Changing attitudes in DR Congo

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Annemarie Boks has been working with the Aids Awareness Programme of the Communauté Evangélique au Centre de l’Afrique (CECA) church in Adi, DR Congo for more than 15 years.

During the time that I have been in the DR Congo, I have seen a shift in people’s attitudes towards the Aids pandemic. Back in 2002 people didn’t talk about it at all, and almost no tests or antiretroviral drugs were available. Now, people are more open to talking about it, and the government is working to make tests and antiretroviral drugs available in all of its health zones.

DR Congo

DR Congo is the largest country in sub-Saharan Africa. With over 75 million people, it is the most populated officially Francophone country, the fourth most populated nation in Africa and the nineteenth most populated country in the world.

A small group of AIM missionaries first arrived in DR Congo, then known as Belgian Congo, in 1912. Within a couple of years, work was established among the Zande people in the town of Dungu, northern DR Congo. They, along with many others between Dungu and Mahagi Port, began hearing the gospel for the first time.

The church established by AIM is now a major denomination in DR Congo under the name of the Communauté Evangélique au Centre de l’Afrique (Evangelical Community of Central Africa – CECA).  It is responsible for Bible schools, hundreds of primary schools, secondary schools, medical schools, and a university.

From a small band of missionaries to a church of over a half million members today, the Lord continues to build his church in DR Congo. “To him be glory in the church and in Jesus Christ throughout all generations” (Ephesians  3).

In Adi there was a big change in January 2014 with the training provided by the National Aids Programme. After this, antiretroviral drugs were made available in Adi General Hospital and the treatment programme began. Although it still struggles for financial support it is functioning, and is treating 226 people living with HIV. Ayila, a nurse, comments, “With finances to back the programme, the hospital can do so much more to follow-up people who are taking antiretroviral treatment, making sure they take their medication and thus encouraging them that they are still valuable to society and to God.”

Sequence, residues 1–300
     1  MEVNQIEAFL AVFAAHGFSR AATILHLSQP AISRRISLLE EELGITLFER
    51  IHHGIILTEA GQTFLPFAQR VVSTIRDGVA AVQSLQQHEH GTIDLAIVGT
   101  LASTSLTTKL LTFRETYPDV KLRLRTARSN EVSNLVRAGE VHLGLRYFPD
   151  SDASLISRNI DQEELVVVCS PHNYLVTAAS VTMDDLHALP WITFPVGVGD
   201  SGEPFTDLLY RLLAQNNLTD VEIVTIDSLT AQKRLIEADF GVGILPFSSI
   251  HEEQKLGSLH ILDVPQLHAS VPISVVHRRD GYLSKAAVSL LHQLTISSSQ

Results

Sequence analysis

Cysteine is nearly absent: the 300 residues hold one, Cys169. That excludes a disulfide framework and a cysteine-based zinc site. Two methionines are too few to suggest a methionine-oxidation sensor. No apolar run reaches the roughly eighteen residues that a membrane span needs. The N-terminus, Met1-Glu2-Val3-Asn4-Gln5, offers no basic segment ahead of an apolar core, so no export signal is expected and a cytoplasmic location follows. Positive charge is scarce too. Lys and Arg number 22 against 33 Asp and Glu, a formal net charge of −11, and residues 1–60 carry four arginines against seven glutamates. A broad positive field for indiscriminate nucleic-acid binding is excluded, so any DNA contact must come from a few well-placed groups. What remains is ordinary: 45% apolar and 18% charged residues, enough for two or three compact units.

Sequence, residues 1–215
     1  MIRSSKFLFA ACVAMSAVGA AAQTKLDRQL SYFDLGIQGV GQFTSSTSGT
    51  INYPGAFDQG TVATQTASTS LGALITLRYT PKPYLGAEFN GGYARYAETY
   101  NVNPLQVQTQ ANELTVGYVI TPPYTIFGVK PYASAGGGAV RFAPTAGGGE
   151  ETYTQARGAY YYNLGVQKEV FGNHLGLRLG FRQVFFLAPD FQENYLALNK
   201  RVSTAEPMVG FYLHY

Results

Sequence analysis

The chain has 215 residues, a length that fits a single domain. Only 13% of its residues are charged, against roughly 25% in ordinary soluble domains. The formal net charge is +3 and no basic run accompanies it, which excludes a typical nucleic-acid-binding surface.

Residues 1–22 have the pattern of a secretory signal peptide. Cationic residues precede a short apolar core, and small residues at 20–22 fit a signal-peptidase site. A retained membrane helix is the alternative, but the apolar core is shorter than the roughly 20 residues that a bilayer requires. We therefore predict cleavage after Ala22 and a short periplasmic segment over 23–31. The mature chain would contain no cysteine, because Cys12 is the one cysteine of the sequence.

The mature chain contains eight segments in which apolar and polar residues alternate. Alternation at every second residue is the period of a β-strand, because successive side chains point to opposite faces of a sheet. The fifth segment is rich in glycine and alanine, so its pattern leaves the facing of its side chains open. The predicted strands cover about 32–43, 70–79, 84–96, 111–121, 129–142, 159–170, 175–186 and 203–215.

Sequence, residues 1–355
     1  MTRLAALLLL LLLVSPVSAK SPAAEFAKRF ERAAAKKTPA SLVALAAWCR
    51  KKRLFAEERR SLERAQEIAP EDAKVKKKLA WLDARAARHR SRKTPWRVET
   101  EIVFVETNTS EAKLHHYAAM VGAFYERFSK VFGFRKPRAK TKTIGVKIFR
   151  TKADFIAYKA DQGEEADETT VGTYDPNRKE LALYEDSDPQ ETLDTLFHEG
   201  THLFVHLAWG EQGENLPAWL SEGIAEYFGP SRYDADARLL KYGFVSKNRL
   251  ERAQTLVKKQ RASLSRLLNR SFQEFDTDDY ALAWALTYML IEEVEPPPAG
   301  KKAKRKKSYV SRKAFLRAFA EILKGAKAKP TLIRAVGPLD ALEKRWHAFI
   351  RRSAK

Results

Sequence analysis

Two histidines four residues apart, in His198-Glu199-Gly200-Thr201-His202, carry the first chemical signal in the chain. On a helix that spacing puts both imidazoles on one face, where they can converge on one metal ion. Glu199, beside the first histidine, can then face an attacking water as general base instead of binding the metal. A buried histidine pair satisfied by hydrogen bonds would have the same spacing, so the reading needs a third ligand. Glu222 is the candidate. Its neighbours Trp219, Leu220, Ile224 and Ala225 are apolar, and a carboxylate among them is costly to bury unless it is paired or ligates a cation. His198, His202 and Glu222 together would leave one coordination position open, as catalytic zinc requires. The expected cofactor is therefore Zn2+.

Changing people’s attitudes

At the hospital, I am involved in the work of testing pregnant women and in counselling. But with the shift of AIM’s focus following the introduction of our Vision 2020 strategy, my focus has also changed. I am preparing workshops for church leaders, in order to encourage them to commit to assisting those living with HIV, and to help them engage in creating a change of attitude towards people with HIV. These church leaders can play a key role in their churches as a model to follow in their acceptance of people who live with HIV. The workshops aim to equip church leaders so they gain the appropriate attitudes, knowledge and skills to lead their congregations in their journey towards HIV competence.

“…encouraging them that they are still valuable to society and to God.”

Being infected with HIV is becoming more like being diagnosed with any other disease, and although the treatment is not a cure, people can still live positive lives. In 2015 a preliminary workshop was held in Adi with leaders from the church district and, whilst there was room for improvement, it was an eye opener to most of the participants. One element of discussion during the workshop was the use of condoms. This is a topic that will not be easily be resolved. But it is important that there is the openness for the subject to be discussed. Another problem that needs to be discussed is marriage through abduction. This mostly concerns young girls, sometimes as young as fifteen, who are still in school but who are taken to be wives to boys not much older than themselves. These girls are vulnerable in more than one way and need to be both educated as well as protected. Church leaders are needed to stand against these marriages.

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